In addition to preventing people with new PV/battery backup systems from connecting to its system, the company is also considering imposing high retroactive charges, as much as $800 for existing systems.  These existing systems have all be approved by the CA PSC and all other government and industry standards.

Customers who own these small systems point out that backup battery systems are not designed to serve as daily power storage systems, constantly cycling down and back up again repeatedly, day after day.  As one homeowner put it, “There is no science to support SCE’s claim.”

Of course, science is not the point.  SCE’s control of the obsolete and dying electrical system is the point.

SCE has made huge investments in a baseload/peak load system that generates big profits from big capital projects as well as speculative opportunities in the peak load markets.

Battery storage is one way of meeting peak demand and eliminating the need for overcapacity in our electrical generating system.  So even if customers were using their own battery banks as SCE claims, to arbitrage peak period prices, this kind of load shaving is a big benefit to the overall system.  But SCE doesn’t like that because it means the company won’t be able to collect high peak load rates from its customers.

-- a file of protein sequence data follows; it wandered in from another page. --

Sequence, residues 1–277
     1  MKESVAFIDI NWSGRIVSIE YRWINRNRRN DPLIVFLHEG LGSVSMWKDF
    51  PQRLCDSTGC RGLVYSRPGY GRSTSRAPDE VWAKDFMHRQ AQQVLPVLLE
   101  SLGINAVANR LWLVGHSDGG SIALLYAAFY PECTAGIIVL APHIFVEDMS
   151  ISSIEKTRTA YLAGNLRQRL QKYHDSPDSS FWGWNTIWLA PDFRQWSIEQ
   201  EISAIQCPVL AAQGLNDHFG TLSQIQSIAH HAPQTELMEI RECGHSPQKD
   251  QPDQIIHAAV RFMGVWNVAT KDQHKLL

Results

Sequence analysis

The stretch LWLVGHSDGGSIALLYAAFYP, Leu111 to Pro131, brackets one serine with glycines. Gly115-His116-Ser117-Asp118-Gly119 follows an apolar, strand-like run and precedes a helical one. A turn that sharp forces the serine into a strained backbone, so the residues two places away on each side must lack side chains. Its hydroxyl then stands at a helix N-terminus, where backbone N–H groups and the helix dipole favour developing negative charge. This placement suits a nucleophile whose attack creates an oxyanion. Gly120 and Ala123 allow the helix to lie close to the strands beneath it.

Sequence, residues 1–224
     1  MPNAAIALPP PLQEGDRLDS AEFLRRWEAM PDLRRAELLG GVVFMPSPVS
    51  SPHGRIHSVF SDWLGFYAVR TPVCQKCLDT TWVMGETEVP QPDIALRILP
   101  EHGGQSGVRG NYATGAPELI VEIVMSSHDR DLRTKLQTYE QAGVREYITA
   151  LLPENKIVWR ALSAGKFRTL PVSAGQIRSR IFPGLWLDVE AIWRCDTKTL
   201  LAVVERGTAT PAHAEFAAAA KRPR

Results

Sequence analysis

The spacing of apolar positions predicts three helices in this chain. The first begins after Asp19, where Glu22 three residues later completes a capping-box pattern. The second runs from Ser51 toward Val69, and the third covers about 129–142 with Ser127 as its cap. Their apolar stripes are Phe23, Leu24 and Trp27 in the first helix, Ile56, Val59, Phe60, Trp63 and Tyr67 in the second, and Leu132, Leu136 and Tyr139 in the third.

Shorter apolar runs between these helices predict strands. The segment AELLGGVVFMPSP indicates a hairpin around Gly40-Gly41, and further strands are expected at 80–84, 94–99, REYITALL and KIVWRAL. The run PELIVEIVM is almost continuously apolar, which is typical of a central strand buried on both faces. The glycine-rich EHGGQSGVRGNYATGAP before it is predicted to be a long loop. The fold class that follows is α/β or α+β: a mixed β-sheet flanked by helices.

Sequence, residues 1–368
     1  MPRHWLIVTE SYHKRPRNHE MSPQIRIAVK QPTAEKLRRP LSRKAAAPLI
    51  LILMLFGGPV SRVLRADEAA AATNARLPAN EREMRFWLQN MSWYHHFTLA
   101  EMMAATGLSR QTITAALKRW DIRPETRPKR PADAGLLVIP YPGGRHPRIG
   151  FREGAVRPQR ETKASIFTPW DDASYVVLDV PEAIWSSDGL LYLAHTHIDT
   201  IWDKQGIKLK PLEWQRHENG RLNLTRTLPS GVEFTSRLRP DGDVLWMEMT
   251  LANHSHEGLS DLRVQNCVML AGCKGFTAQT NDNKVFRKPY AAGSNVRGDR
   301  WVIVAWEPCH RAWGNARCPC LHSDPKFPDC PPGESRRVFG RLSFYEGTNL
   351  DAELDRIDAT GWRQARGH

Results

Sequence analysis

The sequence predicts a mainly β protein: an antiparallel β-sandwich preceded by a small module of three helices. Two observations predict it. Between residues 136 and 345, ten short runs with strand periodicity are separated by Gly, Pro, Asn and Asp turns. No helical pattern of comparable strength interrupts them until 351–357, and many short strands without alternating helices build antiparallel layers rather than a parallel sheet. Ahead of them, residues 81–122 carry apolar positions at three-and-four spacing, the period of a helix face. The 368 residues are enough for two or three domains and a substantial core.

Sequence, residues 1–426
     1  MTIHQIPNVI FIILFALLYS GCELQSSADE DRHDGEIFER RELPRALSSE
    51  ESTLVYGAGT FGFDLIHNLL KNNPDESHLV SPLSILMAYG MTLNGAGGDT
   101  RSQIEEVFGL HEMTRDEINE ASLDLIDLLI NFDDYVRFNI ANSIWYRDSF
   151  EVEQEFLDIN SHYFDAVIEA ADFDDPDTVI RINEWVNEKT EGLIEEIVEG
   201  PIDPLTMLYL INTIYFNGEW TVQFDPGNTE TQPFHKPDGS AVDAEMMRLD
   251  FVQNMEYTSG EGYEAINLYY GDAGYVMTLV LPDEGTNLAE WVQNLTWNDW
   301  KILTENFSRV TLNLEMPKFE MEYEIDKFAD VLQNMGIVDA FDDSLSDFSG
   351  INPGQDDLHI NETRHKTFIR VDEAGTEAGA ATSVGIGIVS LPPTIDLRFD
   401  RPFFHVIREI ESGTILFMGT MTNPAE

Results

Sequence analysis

So once again, we see an obsolete power company using its political power to prevent innovation and real reliability being rebuilt from the ground up by average people.

We don’t have smart meters and real time pricing in WV yet, but when we do, be prepared for WV’s Ohio-based electricity monopolies to pull this kind of power play on innovative new generators.

2 thoughts on “Power Companies Want to Crush Both Innovation and Reliability

  1. So why can’t the Hewitts just disconnect from the grid and use their system instead? I’m perhaps biased in favor of off-grid systems but to me it seems like the best response to this crap, especially if CA’s PSC goes along with this. Though it’s too bad grid-tied customers can’t contribute to peak power, which is afternoon in CA.

    • Off-grid systems are always an option. They are individual solutions that aren’t solutions to the larger problems of the electrical system as a whole. The important lesson that off-grid systems teach is not independence from the regional grid, but minimizing use to minimize generation investment.

      At a certain point, off-grid systems, if they become dominant in an area, can end up being a less efficient use of both natural and economic resources. A certain measure of shared community technology and capacity provides a much more balanced and sustainable system.

      Off-grid systems are also not immune to interference from the political power of the electricity industry. Property tax penalties and community zoning restrictions could play the same role as the games the industry plays with interconnected producers.